SHANGHAI, China — Joe Tsai has gone from e-commerce billionaire to NBA owner. Now he’s adding peacemaker to the list.
The Taiwanese-born, Hong Kong-based Tsai bought the Nets in August. And Tsai’s first dialogue with fans wasn’t about players or coaches, but wading into — and trying to stamp out — the firestorm caused by Rockets GM Daryl Morey’s tweet about the Hong Kong riots.
On Friday, Morey had tweeted “Fight for freedom, stand with Hong Kong.” Predictably, it didn’t go over well on the Chinese mainland. So with his Nets still in the air flying to China for this week’s preseason games, Tsai posted an open letter on Facebook trying to smooth over relations between the NBA and its biggest international market.
“I didn’t expect my first public communication with fans would be to comment on something as politically charged and grossly misunderstood as the way hundreds of millions of Chinese NBA fans feel about what just happened,” wrote Tsai.
They made it pretty clear, with several sponsors ending relations with the Rockets and multiple outlets refusing to run their games.
“The Rockets, who by far had been the favorite team in China, are now effectively shut out of the Chinese market as fans abandon their love for the team, broadcasters refuse to air their games and Chinese corporates pull sponsorships in droves,” Tsai wrote. “Fans in China are calling for an explanation — if they are not getting it from the Houston Rockets, then it is natural that they ask others associated with the NBA to express a view.”
If Chinese fans fall out of love with the Rockets, Tsai’s Nets are happy to step into the breach. While Houston has been popular thanks to Yao Ming — who as head of the Chinese Basketball Association denounced Morey’s tweet — the Nets have a golden opportunity to make headway.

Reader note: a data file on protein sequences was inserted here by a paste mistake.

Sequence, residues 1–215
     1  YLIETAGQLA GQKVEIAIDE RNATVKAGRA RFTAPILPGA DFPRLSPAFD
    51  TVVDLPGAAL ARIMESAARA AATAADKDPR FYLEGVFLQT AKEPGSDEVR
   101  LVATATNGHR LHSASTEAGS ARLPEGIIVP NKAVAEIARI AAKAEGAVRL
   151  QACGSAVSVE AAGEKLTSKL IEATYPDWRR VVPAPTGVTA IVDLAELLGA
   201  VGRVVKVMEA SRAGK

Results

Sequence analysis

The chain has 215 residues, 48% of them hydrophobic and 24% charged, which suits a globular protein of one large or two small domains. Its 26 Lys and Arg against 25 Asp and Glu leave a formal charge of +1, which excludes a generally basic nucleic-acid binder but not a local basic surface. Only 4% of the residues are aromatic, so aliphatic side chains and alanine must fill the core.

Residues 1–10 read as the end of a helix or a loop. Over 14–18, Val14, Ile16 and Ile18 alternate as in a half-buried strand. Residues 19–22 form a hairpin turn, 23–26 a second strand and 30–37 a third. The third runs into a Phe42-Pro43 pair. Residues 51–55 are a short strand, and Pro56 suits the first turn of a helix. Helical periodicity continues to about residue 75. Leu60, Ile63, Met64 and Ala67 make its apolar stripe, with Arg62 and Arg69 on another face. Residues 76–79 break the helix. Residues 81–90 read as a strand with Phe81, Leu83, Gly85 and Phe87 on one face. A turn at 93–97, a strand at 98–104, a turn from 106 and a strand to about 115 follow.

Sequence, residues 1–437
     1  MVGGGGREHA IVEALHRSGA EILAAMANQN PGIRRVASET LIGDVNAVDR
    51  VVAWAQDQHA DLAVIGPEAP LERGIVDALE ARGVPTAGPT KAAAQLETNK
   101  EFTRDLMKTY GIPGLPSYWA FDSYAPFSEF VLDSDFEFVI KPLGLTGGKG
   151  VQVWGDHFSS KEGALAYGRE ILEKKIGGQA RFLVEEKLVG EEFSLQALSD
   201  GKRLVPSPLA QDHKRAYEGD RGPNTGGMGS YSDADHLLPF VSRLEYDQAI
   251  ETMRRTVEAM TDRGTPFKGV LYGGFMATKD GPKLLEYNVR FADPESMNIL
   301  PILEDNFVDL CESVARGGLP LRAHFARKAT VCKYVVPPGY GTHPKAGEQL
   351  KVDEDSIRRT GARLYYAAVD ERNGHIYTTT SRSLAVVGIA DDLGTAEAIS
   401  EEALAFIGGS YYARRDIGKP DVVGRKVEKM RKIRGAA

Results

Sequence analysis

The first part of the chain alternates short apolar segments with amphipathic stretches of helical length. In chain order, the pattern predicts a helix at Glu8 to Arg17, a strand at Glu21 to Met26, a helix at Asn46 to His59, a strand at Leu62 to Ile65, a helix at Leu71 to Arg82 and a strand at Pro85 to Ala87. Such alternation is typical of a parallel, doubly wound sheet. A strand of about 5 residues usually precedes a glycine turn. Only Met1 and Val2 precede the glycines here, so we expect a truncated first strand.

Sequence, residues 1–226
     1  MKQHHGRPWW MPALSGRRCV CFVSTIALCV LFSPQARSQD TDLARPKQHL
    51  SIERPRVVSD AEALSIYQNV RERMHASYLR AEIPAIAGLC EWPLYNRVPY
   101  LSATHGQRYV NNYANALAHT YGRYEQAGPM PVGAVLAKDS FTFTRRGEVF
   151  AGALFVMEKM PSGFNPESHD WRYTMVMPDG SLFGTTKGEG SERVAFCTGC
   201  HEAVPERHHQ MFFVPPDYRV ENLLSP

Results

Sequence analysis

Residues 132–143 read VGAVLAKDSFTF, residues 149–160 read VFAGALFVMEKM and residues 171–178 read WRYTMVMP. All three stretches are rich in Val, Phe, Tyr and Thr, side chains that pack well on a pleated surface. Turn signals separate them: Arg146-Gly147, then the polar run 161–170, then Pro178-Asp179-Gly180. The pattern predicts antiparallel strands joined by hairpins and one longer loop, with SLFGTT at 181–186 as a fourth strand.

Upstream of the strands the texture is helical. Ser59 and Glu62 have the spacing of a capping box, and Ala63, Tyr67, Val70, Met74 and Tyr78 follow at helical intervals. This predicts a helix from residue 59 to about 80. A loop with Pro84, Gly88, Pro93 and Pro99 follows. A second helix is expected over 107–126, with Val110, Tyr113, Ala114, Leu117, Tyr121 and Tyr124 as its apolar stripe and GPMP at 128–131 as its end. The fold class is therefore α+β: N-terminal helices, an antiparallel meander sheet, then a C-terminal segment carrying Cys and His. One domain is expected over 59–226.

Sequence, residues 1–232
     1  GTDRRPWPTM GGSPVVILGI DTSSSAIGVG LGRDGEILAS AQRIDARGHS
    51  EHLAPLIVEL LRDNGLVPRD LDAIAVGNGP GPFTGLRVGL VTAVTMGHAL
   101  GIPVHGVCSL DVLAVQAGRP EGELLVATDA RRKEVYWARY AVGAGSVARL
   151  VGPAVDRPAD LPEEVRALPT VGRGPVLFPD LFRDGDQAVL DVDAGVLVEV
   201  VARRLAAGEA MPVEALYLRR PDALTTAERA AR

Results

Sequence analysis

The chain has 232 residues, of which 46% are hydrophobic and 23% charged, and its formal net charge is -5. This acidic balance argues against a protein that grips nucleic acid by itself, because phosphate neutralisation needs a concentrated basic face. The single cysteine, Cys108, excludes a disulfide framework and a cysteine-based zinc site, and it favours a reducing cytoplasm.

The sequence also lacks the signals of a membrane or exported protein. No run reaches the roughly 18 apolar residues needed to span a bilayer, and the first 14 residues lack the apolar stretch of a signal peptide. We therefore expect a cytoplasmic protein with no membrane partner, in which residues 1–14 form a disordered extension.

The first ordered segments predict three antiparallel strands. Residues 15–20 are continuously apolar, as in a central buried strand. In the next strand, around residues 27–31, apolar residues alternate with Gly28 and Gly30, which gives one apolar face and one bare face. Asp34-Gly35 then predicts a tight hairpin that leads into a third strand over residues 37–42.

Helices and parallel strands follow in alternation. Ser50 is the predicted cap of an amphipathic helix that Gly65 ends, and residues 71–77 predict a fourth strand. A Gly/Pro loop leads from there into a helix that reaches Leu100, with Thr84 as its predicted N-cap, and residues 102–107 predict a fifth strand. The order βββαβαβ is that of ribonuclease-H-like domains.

The Nets face the Lakers Thursday in Shanghai and Saturday in Shenzen, with Tsai likely courtside. His ownership gives them a draw, and they’ve added Kevin Durant — who sells more shoes in China than in the U.S. — and Kyrie Irving, who also makes summer trips to China.
“There’s a very passionate fan base. That’ll probably be one of the coolest things, to just be in that environment,” Joe Harris told The Post. He played in China last month with Team USA, but expects an even more charged atmosphere vs. LeBron James & Co.
“Somebody mentioned that it’s going to be one of the most well-watched games in the history of basketball, so it’s pretty cool to take part in that,” Harris said. “There’s going to be a lot of excitement around the two teams, high-profile names; so it should be an awesome atmosphere being able to play in front of a really passionate fan base.”
Passionate, and huge. China is by far the NBA’s most vital international market. And Spencer Dinwiddie, who comes to China for production of his sneakers, has seen the country’s basketball love first-hand.
“What you notice is that there’s 400 million basketball fans in China. They have a certain love and passion for the game that’s second to none,” said Dinwiddie. “It’s going to be a lot of fun in this game. Joe Tsai, KD, Kyrie vs. LeBron, (Anthony Davis) and possibly the most famous basketball brand out there, right? It’ll be fun.”
The tickets for both games sold out in exactly one minute, and the TV viewership could be historic. The most-watched NBA tilt was Game 6 of the 1998 Finals, which got 35.89 million viewers.
But in a country where 300 million play basketball — and over twice as many watched NBA programming on TV last season — this could top those figures.
“They’re doing a great job marketing the game in different countries, and China is the second-biggest,” Wilson Chandler told The Post. He knows China well after playing here during the 2011-12 lockout. “Obviously it’s more people; it’s crazy, kind of chaotic: Every city is damn near like New York.
“There’s definitely going to be a lot of star power (this week). I think the fans are really going to come out to see that.”